Local residents report long delays for COVID-19 test results
Facebook group said wait times varied from 3 to 21 days
Delays in getting results for COVID-19 tests are causing onerous uncertainty nationwide, statewide and locally — with delays as long as three weeks reported for this area.
An adult son of Valerie Metzler of Altoona waited three weeks and two days, then was called in to a local specimen collection facility to have another sample taken Friday, with apologies, Metzler reported.
Dan from Altoona, who didn’t want his last name used, waited three weeks for test results from the same facility, as did his daughter — although she received a quick-turnaround test because of an upcoming procedure that made the delayed results of her first test moot, when they arrived, he said.
A local Facebook group called Covid Comfort Zone shared wait times this week that ranged from three to 21 days, with an average of 14, reported Erin Murphy, a Penn State Altoona English professor.
“Long delays mean people face a much higher burden of quarantining while waiting for results,” stated Zoe McLaren, associate professor of public policy at the University of Maryland, Baltimore County, in a July 24 article published in “The Conversation,” a network of non-profit media outlets that publish news stories from academics and researchers.
The quarantine period for people who’ve been exposed to COVID-19 is two weeks, so confusion can ensue when test results haven’t arrived after that, said Dr. Zane Gates, co-founder of a local primary care practice.
The presumption is that if you’ve waited two weeks and you have no symptoms “you’re good,” Gates said.
But there are people who are infected without symptoms, and they can be contagious.
Delayed results also can make contact tracing difficult or impossible, according to Gates.
It’s not hard to remember one’s contacts when a tracer is doing a case investigation for a sexually transmitted disease, but it can be hard to remember when a COVID-19 tracer is asking one to identify “everybody you bumped into” for the past two weeks, he said.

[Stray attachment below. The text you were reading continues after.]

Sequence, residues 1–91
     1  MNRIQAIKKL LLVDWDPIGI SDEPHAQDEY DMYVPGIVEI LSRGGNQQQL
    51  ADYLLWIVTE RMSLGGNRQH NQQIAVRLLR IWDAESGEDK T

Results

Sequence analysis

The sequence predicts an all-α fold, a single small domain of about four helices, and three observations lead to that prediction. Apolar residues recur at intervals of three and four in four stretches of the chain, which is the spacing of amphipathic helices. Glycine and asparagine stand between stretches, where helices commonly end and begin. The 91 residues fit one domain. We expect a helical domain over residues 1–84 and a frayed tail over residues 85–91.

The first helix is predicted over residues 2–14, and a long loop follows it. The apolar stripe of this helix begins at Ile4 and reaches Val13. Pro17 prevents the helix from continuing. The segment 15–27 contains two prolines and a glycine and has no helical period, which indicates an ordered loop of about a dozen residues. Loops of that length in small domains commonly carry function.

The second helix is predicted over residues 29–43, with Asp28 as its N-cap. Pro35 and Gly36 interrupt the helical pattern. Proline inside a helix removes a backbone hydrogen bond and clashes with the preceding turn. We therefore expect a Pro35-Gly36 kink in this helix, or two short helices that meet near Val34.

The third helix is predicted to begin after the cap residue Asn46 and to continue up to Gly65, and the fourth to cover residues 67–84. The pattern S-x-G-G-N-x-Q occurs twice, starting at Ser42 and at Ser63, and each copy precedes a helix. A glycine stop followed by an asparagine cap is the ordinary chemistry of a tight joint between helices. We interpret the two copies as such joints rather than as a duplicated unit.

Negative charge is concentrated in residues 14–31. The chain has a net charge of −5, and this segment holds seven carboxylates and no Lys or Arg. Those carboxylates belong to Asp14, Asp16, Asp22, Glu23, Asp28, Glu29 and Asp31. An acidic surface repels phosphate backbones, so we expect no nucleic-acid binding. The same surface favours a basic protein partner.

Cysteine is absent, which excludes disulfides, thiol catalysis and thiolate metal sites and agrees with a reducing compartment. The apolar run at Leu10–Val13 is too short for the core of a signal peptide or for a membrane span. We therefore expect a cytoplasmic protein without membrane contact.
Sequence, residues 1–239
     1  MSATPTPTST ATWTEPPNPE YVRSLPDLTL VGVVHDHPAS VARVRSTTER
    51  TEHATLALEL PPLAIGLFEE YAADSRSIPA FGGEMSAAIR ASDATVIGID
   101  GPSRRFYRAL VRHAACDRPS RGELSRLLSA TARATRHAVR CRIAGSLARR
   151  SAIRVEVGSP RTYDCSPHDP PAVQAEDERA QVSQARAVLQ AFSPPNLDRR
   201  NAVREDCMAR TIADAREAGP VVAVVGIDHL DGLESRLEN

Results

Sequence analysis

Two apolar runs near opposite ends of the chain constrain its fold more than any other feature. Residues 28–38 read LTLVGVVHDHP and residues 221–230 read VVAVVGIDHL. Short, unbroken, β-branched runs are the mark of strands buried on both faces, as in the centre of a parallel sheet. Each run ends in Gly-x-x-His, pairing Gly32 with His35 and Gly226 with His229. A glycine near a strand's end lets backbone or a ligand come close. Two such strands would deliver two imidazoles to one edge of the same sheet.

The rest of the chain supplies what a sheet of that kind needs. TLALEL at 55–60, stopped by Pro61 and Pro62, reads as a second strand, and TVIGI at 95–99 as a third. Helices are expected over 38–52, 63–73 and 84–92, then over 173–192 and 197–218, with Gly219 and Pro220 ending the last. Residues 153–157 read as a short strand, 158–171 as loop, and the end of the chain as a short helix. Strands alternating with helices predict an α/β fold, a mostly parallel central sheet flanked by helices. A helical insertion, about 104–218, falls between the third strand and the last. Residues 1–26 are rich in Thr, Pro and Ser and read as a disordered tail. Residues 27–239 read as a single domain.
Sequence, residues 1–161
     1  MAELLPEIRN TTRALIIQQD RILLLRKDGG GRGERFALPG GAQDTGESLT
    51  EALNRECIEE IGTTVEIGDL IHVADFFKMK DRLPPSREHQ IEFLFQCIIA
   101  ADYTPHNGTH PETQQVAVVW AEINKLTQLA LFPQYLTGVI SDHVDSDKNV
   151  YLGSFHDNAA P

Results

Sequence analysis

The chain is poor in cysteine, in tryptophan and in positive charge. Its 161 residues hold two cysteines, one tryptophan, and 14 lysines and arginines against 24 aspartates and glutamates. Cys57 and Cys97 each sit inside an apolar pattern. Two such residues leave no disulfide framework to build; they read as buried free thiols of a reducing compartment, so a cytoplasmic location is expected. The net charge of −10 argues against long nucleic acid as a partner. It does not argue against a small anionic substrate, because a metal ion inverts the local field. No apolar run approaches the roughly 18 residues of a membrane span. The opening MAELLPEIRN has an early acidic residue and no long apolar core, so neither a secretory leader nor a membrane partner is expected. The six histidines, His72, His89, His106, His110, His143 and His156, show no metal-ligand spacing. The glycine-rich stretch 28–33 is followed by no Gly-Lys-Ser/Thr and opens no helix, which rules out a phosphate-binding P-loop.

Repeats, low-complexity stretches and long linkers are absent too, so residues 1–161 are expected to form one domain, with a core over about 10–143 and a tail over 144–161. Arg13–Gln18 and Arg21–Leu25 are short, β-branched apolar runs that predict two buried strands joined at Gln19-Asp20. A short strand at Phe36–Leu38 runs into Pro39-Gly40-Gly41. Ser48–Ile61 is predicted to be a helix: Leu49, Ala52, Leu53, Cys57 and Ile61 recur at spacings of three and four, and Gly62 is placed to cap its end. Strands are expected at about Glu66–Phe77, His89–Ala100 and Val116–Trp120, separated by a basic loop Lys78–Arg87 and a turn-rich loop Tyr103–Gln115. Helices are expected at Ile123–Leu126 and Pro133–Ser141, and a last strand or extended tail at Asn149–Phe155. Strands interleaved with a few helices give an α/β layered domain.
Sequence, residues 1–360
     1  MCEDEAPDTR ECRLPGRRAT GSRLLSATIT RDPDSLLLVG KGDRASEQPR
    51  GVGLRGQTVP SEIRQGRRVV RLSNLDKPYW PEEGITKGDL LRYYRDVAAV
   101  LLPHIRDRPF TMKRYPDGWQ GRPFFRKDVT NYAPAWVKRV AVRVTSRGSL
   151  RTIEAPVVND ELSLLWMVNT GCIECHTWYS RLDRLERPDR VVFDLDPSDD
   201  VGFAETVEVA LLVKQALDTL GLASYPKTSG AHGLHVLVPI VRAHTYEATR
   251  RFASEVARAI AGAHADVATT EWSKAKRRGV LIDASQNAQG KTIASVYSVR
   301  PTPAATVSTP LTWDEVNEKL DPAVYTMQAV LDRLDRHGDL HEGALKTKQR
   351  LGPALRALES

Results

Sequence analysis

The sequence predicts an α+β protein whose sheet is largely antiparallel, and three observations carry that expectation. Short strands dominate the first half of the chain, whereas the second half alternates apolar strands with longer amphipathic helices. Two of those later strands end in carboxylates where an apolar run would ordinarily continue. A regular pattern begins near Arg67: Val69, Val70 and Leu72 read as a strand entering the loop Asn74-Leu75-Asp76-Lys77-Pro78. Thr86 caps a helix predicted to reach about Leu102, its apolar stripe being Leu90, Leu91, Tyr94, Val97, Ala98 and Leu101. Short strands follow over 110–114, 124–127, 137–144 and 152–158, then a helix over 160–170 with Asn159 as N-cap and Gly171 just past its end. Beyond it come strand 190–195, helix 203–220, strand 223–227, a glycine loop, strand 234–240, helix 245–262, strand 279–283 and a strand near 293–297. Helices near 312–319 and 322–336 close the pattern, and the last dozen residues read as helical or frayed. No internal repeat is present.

“To make matters worse, people who receive negative results may have a false sense of security, when they could have been infected between the time of the testing and the results,” Murphy wrote in an email to the Mirror.
Ultimately, quick-turnaround testing will be critical for curbing the pandemic, because it will help the medical community get a high percentage of infected people, including those who are asymptomatic, out of circulation before they have a chance to infect others, according to an article titled “New COVID-19 test returns results in 45 minutes, without nasal swab,” in a publication of the University of Colorado Boulder.
Since COVID-type symptoms resulted in Metzler’s son being sent home from work, he’s been isolating at home and can’t go back to his job, she said.
She herself hasn’t been feeling well, and she’s inclined to ask her doctor to order a test, but “I haven’t made plans — partly because if (her son’s) took this long, where should I go?” she said rhetorically. “I would have felt more confident if he had had a decent experience,” she said.
“I can understand waiting three or four days,” Dan said. “But to go through the whole quarantine period and still not know is a little ridiculous.”
Dan has chronic obstructive pulmonary disease and emphysema and continues to be cautious, although his wife “pretty much nursed me back to health,” he said.
“If I truly contracted it, I probably wouldn’t make it,” he said. “I’m high risk, to be sure.”
Metzler’s son, Dan’s daughter and Dan himself had their specimens collected at UPMC’s collection facility on Pleasant Valley Boulevard, according to Metzler and Dan.